The Abscission Zone by Samuel Muggington

The Abscission Zone

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Plants threaten human existence in Muggington’s (Who’s the Lucky Guy?, 2015, etc.) interplanetary thriller.

Things are starting to get odd for botanists and cancer researchers Texie Raynott and Dock Hatman. After an accident lands Texie in the hospital, Dock notices a series of plant-related deaths and stumbles into a bizarre conspiracy. Before long, the scientists are abducted and locked in a huge bunker, deep underneath Manhattan. They’re tormented by a mad botanist, Hildred, who’s created plants that can move, talk, and kill. Hildred is part of a gruesome secret project that’s seeking a way for humans to survive a coming war with plants. Texie and Dock escape and find refuge with the brilliant Bridget Boynton, an inventor who’s also part of another secret plan to escape the plants and colonize Mars. The war explodes just as the Mars shuttles are ready to go. The book then skips ahead 20 years; Texie and Bridget fight despair in an increasingly dysfunctional Mars colony, while Dock navigates a dystopian, dark-ages Earth overrun by genetic mutants and superstition. As the Martian colonists struggle to come back home, Dock returns to his botanical studies. Muggington crams tons of plot points and set pieces into his imaginative storyline, which includes everything from alien life-forms to gigantic aquariums to gladiatorial combat. That said, many characters seem more like plot devices than rational, believable human beings. Several people that Texie and Dock encounter are insane, but even the healthy ones behave strangely, including the cartoonishly fiendish leaders of the Mars colony and the oddly PR-conscious plant experimenters. Even Texie and Dock behave unpredictably; Texie, for example, casually breaks a quarantine, endangering her colony, while Dock responds to the chaos around him with a confused indignation that’s odd in a man who’s managed to survive so long. These characterization and plotting incongruities make the book feel scattered, which is a shame, as the author clearly has a creative story to tell. If he puts more heavy lifting into character and plot development, his next outing could be a truly unique tour de force.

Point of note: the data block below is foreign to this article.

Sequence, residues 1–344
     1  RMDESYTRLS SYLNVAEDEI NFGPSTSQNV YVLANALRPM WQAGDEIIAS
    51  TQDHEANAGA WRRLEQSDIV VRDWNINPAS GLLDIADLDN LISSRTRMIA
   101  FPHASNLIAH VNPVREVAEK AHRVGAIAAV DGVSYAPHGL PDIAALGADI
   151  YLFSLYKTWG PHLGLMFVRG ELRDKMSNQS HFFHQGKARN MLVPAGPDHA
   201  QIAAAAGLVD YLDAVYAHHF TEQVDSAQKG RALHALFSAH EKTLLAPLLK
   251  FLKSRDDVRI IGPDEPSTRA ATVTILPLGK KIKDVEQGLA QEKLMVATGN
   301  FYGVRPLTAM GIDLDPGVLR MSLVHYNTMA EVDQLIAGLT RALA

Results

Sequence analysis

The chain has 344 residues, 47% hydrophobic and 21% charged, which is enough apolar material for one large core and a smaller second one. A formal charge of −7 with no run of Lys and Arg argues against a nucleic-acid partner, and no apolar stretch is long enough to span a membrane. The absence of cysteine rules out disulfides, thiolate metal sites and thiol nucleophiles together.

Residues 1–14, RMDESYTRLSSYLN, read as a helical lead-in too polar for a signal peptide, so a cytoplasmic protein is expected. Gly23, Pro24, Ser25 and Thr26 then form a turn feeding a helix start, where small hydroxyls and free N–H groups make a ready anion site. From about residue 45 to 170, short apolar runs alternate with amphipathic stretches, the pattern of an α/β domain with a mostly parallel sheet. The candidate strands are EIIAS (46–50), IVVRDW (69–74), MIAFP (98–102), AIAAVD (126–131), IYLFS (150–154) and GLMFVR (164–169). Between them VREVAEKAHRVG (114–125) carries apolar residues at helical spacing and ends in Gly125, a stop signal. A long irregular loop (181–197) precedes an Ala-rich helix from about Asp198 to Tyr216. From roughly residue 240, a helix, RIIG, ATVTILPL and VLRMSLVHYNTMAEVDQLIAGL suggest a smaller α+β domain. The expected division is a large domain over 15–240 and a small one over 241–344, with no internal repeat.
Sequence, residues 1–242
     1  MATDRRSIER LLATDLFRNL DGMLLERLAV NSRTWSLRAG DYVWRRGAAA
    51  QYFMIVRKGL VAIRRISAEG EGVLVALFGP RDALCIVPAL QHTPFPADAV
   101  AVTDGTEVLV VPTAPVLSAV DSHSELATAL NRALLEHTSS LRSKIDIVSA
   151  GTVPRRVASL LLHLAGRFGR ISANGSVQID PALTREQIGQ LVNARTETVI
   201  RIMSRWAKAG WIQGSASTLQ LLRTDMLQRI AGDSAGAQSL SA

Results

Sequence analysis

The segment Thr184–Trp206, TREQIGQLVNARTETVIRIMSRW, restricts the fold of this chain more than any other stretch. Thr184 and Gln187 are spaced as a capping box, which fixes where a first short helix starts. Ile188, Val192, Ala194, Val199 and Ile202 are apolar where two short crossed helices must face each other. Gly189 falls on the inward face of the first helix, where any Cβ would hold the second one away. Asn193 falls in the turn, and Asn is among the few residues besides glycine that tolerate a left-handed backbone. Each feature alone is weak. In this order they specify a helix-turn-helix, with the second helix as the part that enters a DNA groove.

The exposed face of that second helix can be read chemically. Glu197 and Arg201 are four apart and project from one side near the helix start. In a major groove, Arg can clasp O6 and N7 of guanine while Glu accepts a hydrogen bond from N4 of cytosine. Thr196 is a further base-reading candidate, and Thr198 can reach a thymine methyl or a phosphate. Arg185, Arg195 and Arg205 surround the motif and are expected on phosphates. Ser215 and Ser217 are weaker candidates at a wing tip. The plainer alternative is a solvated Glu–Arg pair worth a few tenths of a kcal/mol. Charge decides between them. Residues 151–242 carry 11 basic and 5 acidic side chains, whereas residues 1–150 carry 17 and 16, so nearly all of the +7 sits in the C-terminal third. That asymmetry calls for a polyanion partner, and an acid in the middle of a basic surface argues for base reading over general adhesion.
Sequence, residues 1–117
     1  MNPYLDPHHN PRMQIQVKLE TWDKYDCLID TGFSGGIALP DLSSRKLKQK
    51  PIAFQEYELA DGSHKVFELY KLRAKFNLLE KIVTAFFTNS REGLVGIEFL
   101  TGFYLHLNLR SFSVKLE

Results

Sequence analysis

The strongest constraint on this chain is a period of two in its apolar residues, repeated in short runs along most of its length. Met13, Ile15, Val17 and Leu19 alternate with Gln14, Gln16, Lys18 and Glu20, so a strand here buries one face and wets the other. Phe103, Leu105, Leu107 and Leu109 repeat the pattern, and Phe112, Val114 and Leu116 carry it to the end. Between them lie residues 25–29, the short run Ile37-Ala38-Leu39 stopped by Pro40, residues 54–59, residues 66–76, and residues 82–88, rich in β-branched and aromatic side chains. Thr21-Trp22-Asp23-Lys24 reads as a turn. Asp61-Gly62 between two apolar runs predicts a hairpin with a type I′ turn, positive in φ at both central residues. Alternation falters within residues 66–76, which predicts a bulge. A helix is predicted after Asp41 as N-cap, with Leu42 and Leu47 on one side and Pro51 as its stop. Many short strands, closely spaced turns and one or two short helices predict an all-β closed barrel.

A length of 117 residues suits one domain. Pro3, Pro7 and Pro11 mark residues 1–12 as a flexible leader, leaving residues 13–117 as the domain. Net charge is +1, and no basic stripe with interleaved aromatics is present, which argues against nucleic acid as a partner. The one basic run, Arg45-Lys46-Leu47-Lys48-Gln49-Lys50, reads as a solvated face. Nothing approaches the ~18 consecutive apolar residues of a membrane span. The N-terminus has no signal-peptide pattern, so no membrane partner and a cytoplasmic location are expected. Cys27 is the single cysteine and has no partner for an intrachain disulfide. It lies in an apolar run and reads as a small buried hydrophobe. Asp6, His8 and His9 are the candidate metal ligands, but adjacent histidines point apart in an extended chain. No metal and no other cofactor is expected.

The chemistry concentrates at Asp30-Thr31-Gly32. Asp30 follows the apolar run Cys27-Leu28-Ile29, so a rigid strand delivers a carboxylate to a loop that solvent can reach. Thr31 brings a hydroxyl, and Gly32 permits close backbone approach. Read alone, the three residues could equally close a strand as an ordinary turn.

A gonzo but incoherent sci-fi story.

Publisher: Dog Ear Publisher
Program: Kirkus Indie
Review Posted Online:


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